Much of the data on Indigenous development and wellbeing, for example, is presented at a national level.
This is a useful barometer – but entirely misses the rich diversity, and differing aspirations, across Aboriginal and Torres Strait Islander peoples. We need to break this data down to regional levels, and open it up to Indigenous leaders in those regions so we can really start working with local leaders on their priorities and on real place-based solutions.
There is a tremendous amount of work underway across the Commonwealth, through the Data Integration Partnership for Australia, to integrate our existing data holdings and explore their insights.
We need to get this work right, and to earn the public’s trust in our use of their data.
But, to my mind, even that is not enough.
I think a case can be made for the APS to conduct a regular, non-partisan citizens’ survey, as recommended by Terry Moran’s 2010 public sector reform blueprint, Ahead of the Game.
If it’s non-political, and focused on citizens’ experience of, and engagement with, the APS, I think this would both help us frame policy better and alert us to where programs or other interventions are failing.
Now, I’m not underestimating the challenges here, or the criticism likely to come my way if we did this.
But to support the idea that the APS could undertake such regular surveys, while remaining non-partisan, I think it would be important to make the survey results publicly available, albeit perhaps with a lag.
Anyway, I throw that out simply as an idea.
My second question for you in 2018 is this: are you ready for disruption?
In a way, that question is already too late. Disruption is here – has been for some time. So the question becomes, how aware are you of what disruption means for societies and economies, and especially what it means for us? Do you see it as something happening ‘out there’? Or something with genuine ramifications for our whole endeavour, and for the work in your patch?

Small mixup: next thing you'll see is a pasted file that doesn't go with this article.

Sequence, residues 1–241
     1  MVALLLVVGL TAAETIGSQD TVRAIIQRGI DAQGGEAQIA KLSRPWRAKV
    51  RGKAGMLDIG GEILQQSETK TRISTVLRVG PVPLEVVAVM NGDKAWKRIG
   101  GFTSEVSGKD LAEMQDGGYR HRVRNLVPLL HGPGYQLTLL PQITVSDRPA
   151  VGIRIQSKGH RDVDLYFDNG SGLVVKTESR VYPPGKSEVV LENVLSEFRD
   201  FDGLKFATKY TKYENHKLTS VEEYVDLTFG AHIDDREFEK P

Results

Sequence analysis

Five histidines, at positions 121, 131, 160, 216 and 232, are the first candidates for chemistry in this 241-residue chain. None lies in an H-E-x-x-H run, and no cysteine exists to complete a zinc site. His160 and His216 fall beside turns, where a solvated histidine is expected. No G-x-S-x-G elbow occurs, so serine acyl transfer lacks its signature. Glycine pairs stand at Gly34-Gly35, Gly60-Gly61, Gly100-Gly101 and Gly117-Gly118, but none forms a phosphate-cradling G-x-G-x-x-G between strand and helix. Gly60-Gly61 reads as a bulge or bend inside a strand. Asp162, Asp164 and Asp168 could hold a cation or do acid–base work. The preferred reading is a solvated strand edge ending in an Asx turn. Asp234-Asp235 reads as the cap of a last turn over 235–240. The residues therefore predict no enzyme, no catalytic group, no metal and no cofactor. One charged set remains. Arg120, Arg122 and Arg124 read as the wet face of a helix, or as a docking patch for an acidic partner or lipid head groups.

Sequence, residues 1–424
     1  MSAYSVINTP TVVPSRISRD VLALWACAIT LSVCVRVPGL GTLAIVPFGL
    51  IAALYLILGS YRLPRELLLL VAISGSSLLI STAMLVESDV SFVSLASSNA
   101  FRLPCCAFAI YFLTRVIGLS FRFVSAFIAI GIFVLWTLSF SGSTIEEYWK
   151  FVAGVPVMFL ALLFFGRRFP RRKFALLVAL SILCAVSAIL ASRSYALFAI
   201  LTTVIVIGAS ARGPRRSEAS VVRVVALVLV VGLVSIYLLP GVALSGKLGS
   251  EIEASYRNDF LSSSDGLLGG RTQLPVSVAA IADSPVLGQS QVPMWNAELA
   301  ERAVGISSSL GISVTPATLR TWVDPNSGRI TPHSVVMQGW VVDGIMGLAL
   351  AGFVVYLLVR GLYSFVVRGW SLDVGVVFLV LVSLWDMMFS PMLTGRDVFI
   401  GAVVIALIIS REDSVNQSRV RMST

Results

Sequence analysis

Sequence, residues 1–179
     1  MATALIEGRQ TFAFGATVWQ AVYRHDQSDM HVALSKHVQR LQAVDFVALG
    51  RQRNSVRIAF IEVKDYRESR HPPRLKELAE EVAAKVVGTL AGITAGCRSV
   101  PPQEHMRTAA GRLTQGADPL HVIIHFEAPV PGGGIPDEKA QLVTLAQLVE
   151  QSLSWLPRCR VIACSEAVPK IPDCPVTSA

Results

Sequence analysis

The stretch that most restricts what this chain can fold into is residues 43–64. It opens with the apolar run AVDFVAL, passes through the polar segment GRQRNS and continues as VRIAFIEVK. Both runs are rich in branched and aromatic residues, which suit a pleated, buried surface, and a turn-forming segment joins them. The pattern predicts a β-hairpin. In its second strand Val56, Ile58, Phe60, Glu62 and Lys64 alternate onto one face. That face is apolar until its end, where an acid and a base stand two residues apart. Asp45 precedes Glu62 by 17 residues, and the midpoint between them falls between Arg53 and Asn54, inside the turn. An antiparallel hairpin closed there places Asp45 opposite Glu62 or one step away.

The kind of disruption I’m talking about is revolutionary. The digital revolution changed the tools and massively expanded the capabilities we had at our disposal, but we’re now in the next phase of that revolution – what some call the fourth industrial revolution: the phase in which new technology interacts with and fundamentally reframes human lives and systems.
Klaus Schwab, founder and chair of the World Economic Forum in Davos, describes this exponential change as “disrupting almost every industry in every country” and transforming “entire systems of production, management and governance.”
Wherever we look in the world, we observe disruption – to industries, to communities, to government.
Disruption is not just technological – it’s also reflected in the international strategic order, in political debate and in our societies and communities.
Disruption provides both challenges and opportunities. As I have said in recent public comments, we are on the cusp of an extraordinary technological revolution. Done right, we can harness this revolution to drive the next wave of jobs and productivity growth, and deliver transformed public services.
The challenge for you, and indeed governments, businesses and the community, is to harness this revolution and to do it on our terms, making sure it doesn’t leave people behind.
That begins by understanding what is actually happening.
So let me come back to my mantra.